Workout Plans To Convert Strength to Power

Plyometrics workout plans build strength and pack a calorie-walloping punch

At Total Athletic Performance (T.A.P.) of Naples, certified personal trainers Derek Touchette and Andrew Miranti use plyometrics workout plans as the power component of their programming. “We will incorporate plyometrics so that athletes have to convert a strength movement into a power movement,” says trainer Miranti. “For example, as soon as an athlete finishes a set of back squats, they will perform a set of box jumps, making them convert strength to power. We often ‘super-set’ a strength component with a power component.”

Plyometric workout plans, sometimes lovingly referred to as “plyometrics,” are exercises that require you to exert the maximum amount of force in as short a time as possible. The goal with plyometrics is to increase both speed and power throughout the body. Because they torch calories while building muscle, when done correctly, plyos can help athletes of all levels achieve their fitness goals quickly.

One of the main benefits to using plyometrics in your program is that they help stimulate and recruit different types of muscle fibers. They also challenge you to incorporate different muscle groups all in one action.

The T.A.P. trainers warn that while plyometrics are an excellent addition to your workout, you should make sure you’ve mastered proper squat technique first. Once you’ve got that down, you can jump-start your fitness using these four exercises.

Squat Jump

Set your feet in an athletic position, as if you are about to squat, with your hands down by your sides. Descend so that your legs are parallel to the ground and then drive up, jumping as high as possible. Make sure to consciously push as hard as you can through your feet, ankles, knees, and hips. Drive your arms up towards the sky, reaching tall.

When you land, attempt to absorb the load of the jump by landing with your hips down and back. Activate the glutes and hamstrings so you don’t “ride” the jump too low. Do not let your weight shift backwards as you land.

Beginners should do 2-3 sets of 3-4 reps, while advanced athletes should shoot for 3-4 sets of 6-10 reps.

Plyometrics box jumps

Box Jump

Use the same setup for the box jump as you did for the squat jump, but this time set yourself up a comfortable distance away from a sturdy box. Drop your hips, swing your arms from back to front and push your feet evenly off the floor. Land as softly as you can on the box, and allow your glutes and hamstrings to absorb the force.

This is a complex, multi-joint exercise, so make sure you pick a box height that is comfortable. Once done with proficiency, you can move up in height.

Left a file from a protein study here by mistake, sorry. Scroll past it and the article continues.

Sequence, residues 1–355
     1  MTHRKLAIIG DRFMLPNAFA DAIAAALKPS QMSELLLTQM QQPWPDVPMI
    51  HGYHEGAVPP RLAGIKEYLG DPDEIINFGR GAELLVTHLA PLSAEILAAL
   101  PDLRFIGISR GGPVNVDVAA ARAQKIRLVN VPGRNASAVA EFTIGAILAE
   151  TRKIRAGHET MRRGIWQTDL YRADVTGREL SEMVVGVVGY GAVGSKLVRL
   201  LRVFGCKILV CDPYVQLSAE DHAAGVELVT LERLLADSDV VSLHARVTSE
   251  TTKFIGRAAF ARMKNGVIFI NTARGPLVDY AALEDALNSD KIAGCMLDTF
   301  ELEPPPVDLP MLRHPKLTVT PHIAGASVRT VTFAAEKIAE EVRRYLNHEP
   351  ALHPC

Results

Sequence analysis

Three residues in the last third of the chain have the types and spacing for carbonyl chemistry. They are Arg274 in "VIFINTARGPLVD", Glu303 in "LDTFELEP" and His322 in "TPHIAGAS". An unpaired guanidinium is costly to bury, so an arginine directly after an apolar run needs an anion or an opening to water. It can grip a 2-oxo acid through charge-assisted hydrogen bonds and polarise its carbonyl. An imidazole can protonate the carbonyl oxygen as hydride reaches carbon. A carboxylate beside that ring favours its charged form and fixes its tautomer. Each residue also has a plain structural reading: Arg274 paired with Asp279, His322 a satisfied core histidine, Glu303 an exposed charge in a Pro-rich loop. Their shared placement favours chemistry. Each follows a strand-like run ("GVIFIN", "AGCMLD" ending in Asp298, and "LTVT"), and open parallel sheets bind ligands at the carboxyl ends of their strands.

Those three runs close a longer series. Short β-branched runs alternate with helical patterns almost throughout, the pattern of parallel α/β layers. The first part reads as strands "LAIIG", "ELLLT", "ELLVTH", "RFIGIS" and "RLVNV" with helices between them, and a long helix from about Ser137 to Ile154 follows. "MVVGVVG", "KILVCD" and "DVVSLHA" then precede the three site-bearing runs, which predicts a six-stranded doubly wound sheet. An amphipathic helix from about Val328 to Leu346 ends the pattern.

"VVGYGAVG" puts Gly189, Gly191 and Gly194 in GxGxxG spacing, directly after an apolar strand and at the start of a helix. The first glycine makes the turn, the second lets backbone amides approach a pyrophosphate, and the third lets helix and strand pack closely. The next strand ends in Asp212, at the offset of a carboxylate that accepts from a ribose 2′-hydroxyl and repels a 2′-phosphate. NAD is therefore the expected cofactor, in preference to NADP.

Perform 2-4 sets of 2-5 reps, allowing full recovery (usually about 90 seconds, or until your heart rate gets back to normal) between sets. Even if you’re feeling great, resist the urge to add on extra sets, as you risk running down your central nervous system.

Plyometrics Pogo Jumps

Pogo Squat Jumps

This exercise is great for boosting your vertical jump. Start with your feet together and your arms by your side. Launching off the balls of your feet, jump up vertically, while keeping your knees as straight as possible. Repeat quickly. If done correctly, you should be bouncing like a human pogo stick. While in the air, make sure your toes are pulled up towards your shins, but land back on the balls of your feet—not on your heels. When doing low pogo squat jumps try and do as many as you can in a certain amount of time. When doing high pogo squat jumps, aim to jump as high as possible each time.

depth-box jump plyometrics

Low Pogo Squat Jumps – 2-3 sets of 12-15 seconds, rest 45 seconds between each set.
High Pogo Squat Jumps – 2-3 sets of 8-10 seconds, rest 45 seconds between each set.

Depth Drop to a Box jump

This is the most taxing on the central nervous system and has the highest impact of all these exercises. However, when done properly it can have a really positive effect on power and strength development.

You’ll need two platforms for this exercise—they can be either of equal size or the first (which you’ll start the exercise on) can be slightly shorter.

Stand on the smaller box and step off of it and onto the ground. Step heavily, and make sure both feet hit the floor simultaneously, but do not jump. As soon as both feet are on the ground, perform a box jump onto the other box. Make sure to push off equally with both feet. Land with your hips back and down and as quietly as possible.

Because these are high impact and are taxing, do just 2-3 sets with 4-6 reps each, and recover fully—for at least two minutes—between sets.

Download a copy of the workout here: FN_Nov_Dec_Train.